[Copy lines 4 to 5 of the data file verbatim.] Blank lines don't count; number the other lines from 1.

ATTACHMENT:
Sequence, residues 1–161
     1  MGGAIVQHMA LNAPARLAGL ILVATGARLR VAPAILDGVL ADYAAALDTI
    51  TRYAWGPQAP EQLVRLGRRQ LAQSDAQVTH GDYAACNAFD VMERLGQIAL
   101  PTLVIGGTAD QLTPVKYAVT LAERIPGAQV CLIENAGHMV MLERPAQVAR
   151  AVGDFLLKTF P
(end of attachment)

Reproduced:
   101  PTLVIGGTAD QLTPVKYAVT LAERIPGAQV CLIENAGHMV MLERPAQVAR
   151  AVGDFLLKTF P